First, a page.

The Value Stream Map is the process of mapping both products and information through all the processes and production steps. This tool is really popular in Lean Manufacturing, with the purpose of identifying the wastes of our processes and to align the value-added activities so they can flow exactly like a stream from our suppliers to our customers. For Lean experts, these concepts are easily understandable, but is it really the same for newcomers of lean world?
Short history of the Value Stream Map
When we think about all tools that are coming from Toyota and from Japan, we could easily think that these methods were designed as we see them today. In fact, most of them were translated from concepts to defined actions in the early 90’s to make them more digestible for our world. If this approach could be true for many of Toyota’s methods, it is not VSM. When Womack and Jones described the rules to be more lean in production, they actually described also some tools that were introduced by Toyota in US by TSSC (Toyota Supplier Support Center). As for the word ‘Lean’, the term ‘Value Stream’ is not coming form Toyota but it’s a definition of the two US experts trying to describe what whey saw in Japan.
In reality, VSM has a different name in Toyota (Materials and Information Flow analysis), and was intended to be used to support suppliers in improving the flow and and reducing lead times. In conclusion, this tool was an Engineering tool that was used to solved only a small categories of problems, and that for sure was not part originally of the Toyota Production System. It seems that a similar map was used since 1918 even in Ford plants to provide an overview of the whole production process.
What about the Value of a Process Map?
One of the missing point of the Lean Journey for many companies is People. Behaviour of Toyota’s employees is something we were never able to copy; Lean toolbox was more a marketing action, as tools are easy to copy and to sell. The Value Stream Mapping has also an important missing point: people again.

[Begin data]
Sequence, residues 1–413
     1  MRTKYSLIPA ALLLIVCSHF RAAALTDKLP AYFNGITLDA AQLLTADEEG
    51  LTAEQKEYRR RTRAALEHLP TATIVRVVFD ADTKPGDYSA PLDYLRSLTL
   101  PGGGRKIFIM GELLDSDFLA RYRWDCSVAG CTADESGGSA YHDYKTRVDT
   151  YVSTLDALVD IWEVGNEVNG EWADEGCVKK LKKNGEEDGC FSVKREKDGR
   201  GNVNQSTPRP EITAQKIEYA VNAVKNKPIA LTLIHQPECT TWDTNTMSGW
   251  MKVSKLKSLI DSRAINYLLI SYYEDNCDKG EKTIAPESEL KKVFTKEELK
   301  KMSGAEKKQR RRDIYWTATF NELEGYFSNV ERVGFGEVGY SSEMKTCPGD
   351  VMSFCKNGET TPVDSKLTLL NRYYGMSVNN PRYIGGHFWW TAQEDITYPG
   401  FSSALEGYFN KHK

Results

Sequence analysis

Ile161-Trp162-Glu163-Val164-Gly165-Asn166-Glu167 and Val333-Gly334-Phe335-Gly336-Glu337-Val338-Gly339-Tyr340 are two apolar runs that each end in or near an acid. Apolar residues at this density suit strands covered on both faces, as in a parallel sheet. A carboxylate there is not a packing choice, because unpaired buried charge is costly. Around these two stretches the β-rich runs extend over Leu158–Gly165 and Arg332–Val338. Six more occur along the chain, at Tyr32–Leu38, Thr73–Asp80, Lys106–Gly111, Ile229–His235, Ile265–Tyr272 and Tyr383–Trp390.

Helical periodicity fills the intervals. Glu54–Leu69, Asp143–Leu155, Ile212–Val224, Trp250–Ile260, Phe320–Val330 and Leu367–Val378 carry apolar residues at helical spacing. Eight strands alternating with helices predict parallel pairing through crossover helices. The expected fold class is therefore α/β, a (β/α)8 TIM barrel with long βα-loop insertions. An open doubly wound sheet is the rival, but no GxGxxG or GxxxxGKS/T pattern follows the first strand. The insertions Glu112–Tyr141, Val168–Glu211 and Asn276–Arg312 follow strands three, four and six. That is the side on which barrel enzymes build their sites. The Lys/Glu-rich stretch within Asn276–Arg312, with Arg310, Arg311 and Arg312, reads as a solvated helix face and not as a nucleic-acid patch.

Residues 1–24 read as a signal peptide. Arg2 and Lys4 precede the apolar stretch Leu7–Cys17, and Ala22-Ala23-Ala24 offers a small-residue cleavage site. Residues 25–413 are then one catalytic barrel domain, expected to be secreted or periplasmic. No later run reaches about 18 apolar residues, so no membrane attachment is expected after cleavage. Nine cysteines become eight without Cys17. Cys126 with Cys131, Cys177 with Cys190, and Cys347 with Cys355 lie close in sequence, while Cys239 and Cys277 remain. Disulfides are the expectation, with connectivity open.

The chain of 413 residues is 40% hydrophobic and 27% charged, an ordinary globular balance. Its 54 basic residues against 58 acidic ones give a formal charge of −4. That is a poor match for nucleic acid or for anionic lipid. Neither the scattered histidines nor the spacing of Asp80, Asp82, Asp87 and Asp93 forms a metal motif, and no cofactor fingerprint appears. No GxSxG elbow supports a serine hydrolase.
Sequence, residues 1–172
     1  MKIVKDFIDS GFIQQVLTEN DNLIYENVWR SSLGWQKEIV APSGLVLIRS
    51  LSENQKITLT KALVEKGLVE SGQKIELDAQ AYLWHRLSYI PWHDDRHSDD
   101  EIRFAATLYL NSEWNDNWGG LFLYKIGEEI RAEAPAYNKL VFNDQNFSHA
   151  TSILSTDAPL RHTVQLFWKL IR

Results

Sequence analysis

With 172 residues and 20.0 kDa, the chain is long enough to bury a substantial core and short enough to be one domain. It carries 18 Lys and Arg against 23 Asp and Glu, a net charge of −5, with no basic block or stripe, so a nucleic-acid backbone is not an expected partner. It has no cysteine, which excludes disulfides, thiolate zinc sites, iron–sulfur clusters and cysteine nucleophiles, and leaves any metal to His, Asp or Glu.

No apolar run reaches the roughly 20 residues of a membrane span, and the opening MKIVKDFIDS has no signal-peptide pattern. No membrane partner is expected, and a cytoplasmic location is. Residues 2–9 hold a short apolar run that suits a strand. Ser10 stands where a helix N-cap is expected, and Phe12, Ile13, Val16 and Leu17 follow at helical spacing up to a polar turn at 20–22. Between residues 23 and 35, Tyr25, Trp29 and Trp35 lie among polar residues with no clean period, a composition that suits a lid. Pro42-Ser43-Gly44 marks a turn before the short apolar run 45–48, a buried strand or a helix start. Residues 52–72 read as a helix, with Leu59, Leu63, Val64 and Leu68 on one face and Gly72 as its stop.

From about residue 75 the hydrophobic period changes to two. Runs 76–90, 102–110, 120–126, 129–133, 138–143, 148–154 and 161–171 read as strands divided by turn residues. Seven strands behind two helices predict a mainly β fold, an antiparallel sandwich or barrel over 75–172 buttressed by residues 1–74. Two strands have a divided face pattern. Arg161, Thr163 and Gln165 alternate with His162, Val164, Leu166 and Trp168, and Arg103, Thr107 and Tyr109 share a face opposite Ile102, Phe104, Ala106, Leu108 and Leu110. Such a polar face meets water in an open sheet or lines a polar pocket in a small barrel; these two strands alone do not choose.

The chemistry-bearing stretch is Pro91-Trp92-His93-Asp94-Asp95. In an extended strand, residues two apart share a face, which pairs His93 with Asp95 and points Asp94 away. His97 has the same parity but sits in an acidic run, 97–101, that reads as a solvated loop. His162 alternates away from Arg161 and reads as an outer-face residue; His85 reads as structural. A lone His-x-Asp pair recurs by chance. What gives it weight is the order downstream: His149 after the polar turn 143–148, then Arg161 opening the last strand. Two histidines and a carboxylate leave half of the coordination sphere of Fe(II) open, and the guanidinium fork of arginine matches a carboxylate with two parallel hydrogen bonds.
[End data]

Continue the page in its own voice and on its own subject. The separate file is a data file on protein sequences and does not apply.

The process of mapping is counter intuitive for not experts, is not engaging, and is not explaining how to deal with typical production wastes. It’s as well obvious that designing future state for complicated capital intensive processes will not bring significative changes due to relayout issues, complex machineries and long term return of investments.
People is the Key
Routines (Kata), supervisors’s skills (TWI) and working on small changes (Kaizen) are key factors for Toyota success. All the 3 methods above are related to people: there are no complicated maps, symbols, or high-level management concepts. Toyota methods are successful due to the fact that engagement and contribution of people is the first goal. Real change always start from the people: the Materials and Information Flow analysis (AKA Value Stream Mapping) is something I would discuss only with management teams, and only after a detailed overview of the process. Introducing the VSM to newcomers and beginners could trigger frustrations: results will appear far, progress will be slow and engagement will drop very fast: this is not the road for improvement. Comparing the way manufacturing is changed, we should probably put our attention more on information flows and offices rather than pure production. If at the beginning of last century, the ratio between production and office jobs was 90%-10%, today we will surely find something close to 60%-40% or even more. Production has improved; even without being lean, organizations found the way to be more effective and reduce costs. Technology reduces the labor content, and machines are driving the processes. New challenge of Lean Managers will be to fight against muda in offices and in the services, and be brave enough to stop mapping every single production process by focusing more on people. During a visit in a Toyota plant, a US manager asked to his counterpart “are you not afraid of showing all you secrets and methods?” The answer was as simple as it is: “You can copy everything you like, but you will not be able to copy our employees”
Andrea Manti is CBDO at Lean Community. He has over 15 years of experience in Lean Management. He is an expert in Lean and Quality Management and has held positions working as a Process Engineer, Customer Quality representative, Quality System Manager (IATF standard), and Continuous Improvement Senior Manager. During his career, Andrea has led the implementation of several Lean/6Sigma projects, TPM workshops, and TWI activities. He is also an expert in the World Class Manufacturing (WCM) program
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